May 17, 2018
What obstacles did you face when writing Soap For the Dogs? How did you overcome them?
One of the biggest challenges in putting the collection together was how to sequence all the pieces so that sections would move fluidly. I was fortunate to have generous readers around me who helped along the way. Vi Khi Nao helped a great deal with the editing process. We collaborated via text message, had many email and Google doc conversations, and I shared my manuscript with her at different phases of its development. She really pushed me into a space that I’m so grateful for. She asked me questions that encouraged me to strengthen what was there, and to let go of other things. I am lucky to have an amazing network of writers around me who have given my work a lot of care and attention.
In your book, you explained that the title is from your father’s phrase “Xà Bông Tắm Chó”. In what situations was that phrase used and why did you choose it as the title?
No spoilers! In the book, the title poem “Soap for the Dogs” has a better explanation than I can provide here :) It’s a phrase I grew up hearing that stuck with me unlike any other; an homage to my parents.
What events led you to writing?
I’m an only child, so maybe loneliness? I remember writing letters or stories and mailed them to my friends who were at summer camp (my parents did not send me to summer camp #fomo). I grew up as an indoor kid with books, computers, and an itchy imagination. Somehow I’ve always had a vivid memory, especially of specific moments in my childhood (which appear quite a bit in the long poem “A List of Herbs…”). My little Taurus heart tends to remember and long for certain foods, smells, distinct weather patterns, and various comforts on this physical world. Those sensory details and concrete images stick with me and create the foundation for my writing.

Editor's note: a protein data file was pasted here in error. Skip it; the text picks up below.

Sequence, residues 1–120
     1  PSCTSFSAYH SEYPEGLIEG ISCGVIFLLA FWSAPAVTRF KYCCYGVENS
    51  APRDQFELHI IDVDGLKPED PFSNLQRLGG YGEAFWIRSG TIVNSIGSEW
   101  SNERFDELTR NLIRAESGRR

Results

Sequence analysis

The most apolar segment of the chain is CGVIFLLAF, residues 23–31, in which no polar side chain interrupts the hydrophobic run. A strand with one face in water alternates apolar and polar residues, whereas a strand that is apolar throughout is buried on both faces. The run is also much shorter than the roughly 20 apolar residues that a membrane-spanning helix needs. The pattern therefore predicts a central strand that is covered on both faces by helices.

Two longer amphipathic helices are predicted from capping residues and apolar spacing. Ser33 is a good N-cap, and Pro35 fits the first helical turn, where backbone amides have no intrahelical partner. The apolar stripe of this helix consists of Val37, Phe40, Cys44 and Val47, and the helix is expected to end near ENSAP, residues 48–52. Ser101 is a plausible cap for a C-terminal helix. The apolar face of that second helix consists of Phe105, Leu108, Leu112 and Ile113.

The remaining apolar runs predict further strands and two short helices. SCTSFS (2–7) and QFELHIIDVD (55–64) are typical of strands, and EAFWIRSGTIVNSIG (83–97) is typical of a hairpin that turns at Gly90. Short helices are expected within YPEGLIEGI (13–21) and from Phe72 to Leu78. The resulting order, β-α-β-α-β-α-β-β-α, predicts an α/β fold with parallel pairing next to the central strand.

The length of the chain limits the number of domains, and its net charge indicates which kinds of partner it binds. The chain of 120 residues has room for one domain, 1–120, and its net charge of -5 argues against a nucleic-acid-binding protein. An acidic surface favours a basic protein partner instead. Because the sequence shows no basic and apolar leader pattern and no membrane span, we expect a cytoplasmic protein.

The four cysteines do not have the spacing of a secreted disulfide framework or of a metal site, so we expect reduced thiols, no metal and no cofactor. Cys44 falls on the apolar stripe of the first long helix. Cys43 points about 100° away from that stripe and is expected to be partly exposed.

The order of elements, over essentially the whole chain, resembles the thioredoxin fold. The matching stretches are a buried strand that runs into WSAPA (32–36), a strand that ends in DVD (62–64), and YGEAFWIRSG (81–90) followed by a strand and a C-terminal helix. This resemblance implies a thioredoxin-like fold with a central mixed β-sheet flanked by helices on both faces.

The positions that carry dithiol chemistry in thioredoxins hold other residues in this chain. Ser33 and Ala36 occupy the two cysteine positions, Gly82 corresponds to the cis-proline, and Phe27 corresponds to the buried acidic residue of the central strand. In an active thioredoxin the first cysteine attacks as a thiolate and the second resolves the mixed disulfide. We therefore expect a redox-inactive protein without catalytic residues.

What issue(s) are you passionate about?
One (of many) that comes to mind is about creating spaces for communities of artists of color.
You are the founder of Tender Table, a series featuring stories about food, family, identity by femmes of color and nonbinary people of color. Has Tender Table influenced your work? If so, how?
Much of the manuscript was written before I founded Tender Table. However, I believe Tender Table has helped my creative intentions by virtue of expanding my curiosity and desire to trace and translate the relationship between food and story, which are steadfast subjects in my book.
What are your next steps?
I would love to interview my family, especially the women in my family, and see what comes of it. I’d also really love to sit down with my grandfather (who’s in his 90s) and ask him to walk me through all the photo albums in his attic.
- Tags: Interviews